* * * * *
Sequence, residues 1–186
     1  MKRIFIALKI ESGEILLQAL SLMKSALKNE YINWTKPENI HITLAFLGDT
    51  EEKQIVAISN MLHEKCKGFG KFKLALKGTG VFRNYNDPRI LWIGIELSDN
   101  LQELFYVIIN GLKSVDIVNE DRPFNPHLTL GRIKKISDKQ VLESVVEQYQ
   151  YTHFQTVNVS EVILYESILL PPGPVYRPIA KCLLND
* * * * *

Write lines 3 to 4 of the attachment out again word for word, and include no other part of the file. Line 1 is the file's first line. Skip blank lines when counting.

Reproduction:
    51  EEKQIVAISN MLHEKCKGFG KFKLALKGTG VFRNYNDPRI LWIGIELSDN
   101  LQELFYVIIN GLKSVDIVNE DRPFNPHLTL GRIKKISDKQ VLESVVEQYQ